Brazilian pork industry: 2023 off to a good start

Jan, 24, 2023 Posted by Gabriel Malheiros

Week 202304

January is always challenging for the Brazilian pork industry, with traditionally low domestic and international demand and remaining end-of-year stocks, which end up exerting downward pressure on prices. However, 2023 is off to a good start, especially compared to the beginning of last year in terms of prices in the domestic market and exports, according to the ABCS pork industry association.

The year 2022 ended with an export volume of around 1,013,739 tonnes of fresh pork meat, only 1,436 tonnes less than the previous year (-0.14%). Revenues fell 2.7% (-US$ 67.5 million), with 2022 ending with US$ 2.407 billion, compared to US$ 2.475 billion in 2021. China, which accounted for more than 55% of shipments, ended 2022 importing a volume 43% higher.

See below the track record of the volume of Brazilian pork (HS code 0203) exported from Jan 2019 to Nov 2022. The data is from DataLiner.

Brazilian pork exports | Jan 2019 – Nov 2022 | WTMT

Source: DataLiner (click here to request a demo)

Although 2022 was the worst year in terms of volumes shipped to China since 2020, in the year’s last five months (August to December/22), Brazil repeatedly beat its previous record for the period in terms of Brazilian exports of fresh pork meat, totaling nearly 230 thousand tonnes. Furthermore, the average price in dollars of pork sold to China has increased month after month since August/22, with last December’s quotation (US$ 2,687/ton) being the highest since June 2021 and 26.5% higher than December 2021 (US$ 2,124/ton). These are strong indications that China has resumed consistent purchases from Brazil, which are expected to remain high for a few more months.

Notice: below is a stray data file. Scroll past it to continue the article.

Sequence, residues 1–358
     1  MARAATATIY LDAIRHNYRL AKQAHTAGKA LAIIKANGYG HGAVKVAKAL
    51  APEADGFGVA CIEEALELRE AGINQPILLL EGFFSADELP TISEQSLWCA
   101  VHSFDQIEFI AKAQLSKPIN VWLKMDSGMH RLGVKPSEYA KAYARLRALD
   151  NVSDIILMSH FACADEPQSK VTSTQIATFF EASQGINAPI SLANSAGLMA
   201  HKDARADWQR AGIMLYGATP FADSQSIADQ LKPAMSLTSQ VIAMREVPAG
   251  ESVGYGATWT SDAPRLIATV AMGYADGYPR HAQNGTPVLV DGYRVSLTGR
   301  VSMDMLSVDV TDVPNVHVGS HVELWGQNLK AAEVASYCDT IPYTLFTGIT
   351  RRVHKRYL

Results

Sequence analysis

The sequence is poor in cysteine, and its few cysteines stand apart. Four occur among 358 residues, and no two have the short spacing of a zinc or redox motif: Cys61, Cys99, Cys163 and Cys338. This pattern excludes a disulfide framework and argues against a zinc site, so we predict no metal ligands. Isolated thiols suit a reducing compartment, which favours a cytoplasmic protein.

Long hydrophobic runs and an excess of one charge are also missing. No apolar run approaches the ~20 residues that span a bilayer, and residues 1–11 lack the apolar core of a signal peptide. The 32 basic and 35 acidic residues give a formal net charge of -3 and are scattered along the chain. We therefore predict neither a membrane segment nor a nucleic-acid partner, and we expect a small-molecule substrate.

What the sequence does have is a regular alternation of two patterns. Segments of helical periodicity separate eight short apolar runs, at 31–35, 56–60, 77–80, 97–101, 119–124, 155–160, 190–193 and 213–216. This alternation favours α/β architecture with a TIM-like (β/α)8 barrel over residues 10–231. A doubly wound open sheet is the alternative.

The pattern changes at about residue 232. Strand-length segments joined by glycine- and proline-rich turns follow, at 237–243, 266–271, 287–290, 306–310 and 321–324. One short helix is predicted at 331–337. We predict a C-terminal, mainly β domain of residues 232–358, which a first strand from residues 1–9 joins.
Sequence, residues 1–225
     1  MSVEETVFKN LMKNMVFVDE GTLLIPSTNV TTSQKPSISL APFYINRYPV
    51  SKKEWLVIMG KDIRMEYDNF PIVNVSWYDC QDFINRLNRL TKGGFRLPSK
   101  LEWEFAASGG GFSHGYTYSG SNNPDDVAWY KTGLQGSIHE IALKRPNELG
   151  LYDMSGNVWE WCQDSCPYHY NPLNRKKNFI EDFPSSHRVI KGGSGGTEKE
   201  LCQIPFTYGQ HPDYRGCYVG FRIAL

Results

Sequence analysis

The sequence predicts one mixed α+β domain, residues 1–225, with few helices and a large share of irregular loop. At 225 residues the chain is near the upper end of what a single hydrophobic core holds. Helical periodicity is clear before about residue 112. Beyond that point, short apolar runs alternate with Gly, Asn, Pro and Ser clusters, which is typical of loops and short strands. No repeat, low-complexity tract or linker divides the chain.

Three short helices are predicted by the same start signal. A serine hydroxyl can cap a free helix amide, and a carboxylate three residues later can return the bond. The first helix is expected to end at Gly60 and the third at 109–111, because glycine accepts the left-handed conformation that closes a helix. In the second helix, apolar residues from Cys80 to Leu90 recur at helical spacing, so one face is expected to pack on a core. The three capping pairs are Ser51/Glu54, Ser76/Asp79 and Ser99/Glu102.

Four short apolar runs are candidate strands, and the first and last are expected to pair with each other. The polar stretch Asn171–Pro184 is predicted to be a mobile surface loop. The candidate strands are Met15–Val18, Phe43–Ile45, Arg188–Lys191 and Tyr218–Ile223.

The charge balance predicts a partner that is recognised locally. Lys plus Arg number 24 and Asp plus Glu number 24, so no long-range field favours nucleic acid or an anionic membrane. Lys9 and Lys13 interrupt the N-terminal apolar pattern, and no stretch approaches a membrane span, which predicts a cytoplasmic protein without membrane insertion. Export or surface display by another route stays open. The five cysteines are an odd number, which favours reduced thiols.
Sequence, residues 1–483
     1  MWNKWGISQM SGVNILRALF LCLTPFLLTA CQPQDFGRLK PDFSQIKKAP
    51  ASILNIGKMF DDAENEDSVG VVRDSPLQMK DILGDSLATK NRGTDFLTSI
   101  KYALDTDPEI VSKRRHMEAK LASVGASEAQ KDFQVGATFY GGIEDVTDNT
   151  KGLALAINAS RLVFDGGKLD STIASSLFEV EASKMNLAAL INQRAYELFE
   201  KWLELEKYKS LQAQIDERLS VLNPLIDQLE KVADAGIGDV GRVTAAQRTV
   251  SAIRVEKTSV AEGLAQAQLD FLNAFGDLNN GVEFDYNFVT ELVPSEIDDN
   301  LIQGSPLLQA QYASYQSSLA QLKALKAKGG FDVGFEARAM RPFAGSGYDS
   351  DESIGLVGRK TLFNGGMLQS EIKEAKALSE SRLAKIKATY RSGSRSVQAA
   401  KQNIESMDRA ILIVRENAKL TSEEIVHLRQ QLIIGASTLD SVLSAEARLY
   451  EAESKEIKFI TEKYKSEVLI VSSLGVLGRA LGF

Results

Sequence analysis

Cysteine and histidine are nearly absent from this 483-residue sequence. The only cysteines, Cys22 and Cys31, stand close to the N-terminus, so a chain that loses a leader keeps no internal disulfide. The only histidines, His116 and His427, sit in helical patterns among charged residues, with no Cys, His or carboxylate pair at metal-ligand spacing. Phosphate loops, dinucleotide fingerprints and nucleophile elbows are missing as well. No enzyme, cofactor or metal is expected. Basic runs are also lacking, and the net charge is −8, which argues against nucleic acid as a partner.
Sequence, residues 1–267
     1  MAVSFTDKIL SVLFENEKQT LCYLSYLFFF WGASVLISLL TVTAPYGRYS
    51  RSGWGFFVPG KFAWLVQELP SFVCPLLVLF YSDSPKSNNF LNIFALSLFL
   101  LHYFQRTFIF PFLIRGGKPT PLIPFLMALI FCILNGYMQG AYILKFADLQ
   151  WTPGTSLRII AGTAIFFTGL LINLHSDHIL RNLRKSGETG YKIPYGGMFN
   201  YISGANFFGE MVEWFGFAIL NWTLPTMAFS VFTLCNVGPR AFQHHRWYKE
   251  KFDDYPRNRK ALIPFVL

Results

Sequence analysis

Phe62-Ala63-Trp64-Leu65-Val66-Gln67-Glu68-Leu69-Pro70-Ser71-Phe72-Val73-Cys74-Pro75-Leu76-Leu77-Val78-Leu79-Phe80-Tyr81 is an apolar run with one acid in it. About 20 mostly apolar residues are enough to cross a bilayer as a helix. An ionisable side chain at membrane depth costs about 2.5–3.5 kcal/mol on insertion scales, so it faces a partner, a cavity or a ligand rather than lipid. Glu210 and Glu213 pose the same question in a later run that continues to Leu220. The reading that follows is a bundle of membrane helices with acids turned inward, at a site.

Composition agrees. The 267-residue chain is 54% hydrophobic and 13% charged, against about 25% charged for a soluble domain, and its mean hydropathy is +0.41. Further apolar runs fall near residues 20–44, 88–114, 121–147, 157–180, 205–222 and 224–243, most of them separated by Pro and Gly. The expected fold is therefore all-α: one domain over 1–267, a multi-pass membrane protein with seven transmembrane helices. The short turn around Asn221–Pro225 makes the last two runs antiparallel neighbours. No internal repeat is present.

In terms of other Brazilian pork buyers, other important destinations increased their imports, with an emphasis on the Philippines, Singapore, and Thailand, as well as the qualification for exports of producing units for two important markets: Mexico and Canada, which, for the time being, are not significant buyers of the product, but are key players in the global market, with good future potential, in addition to ensuring the health of the Brazilian herd.

Price factor

Because the exchange ratio did not rise in the same proportion as the price of the animal (live or carcass), one can conclude that the main concern is the cost of the inputs (corn and soymeal). On the one hand, we have a bright horizon regarding pork supply and demand equilibrium; on the other hand, there are no signs of a short-term cost reduction.

The most recent study by Brazil’s National Supply Company (Conab) points to a record soybean and corn output despite the weather problems in certain regions. However, in terms of corn, the carry-over stock forecast for 01/31/23 of 5.28 million tonnes is relatively low, given that the first corn crop (summer) to be harvested primarily between February and March will be around 26.4 million tonnes, accounting for approximately 21% of all corn to be produced in the MY 2022/23, with the remaining 79% (almost 100 million tonnes) expected for the second crop, which has not yet been planted and should be harvested in the middle of the year, primarily between February and March.

This carry-over stock of just over 5 million tonnes is based on an export projection of around 43.5 million tonnes for Feb/22 to Jan/23; however, in January/23, with data up to 01/13, an average of 295 thousand tonnes of corn has already been exported per working day, totaling 2.95 million tonnes.

Based on the average shipped in the previous week, the month of January/23 will exceed 5.5 million tonnes, accumulating more than 46 million tonnes between February 22 and January 23. Therefore, if this amount is confirmed, the carry-over stock will be less than 5 million tonnes.

Source: Canal Rural

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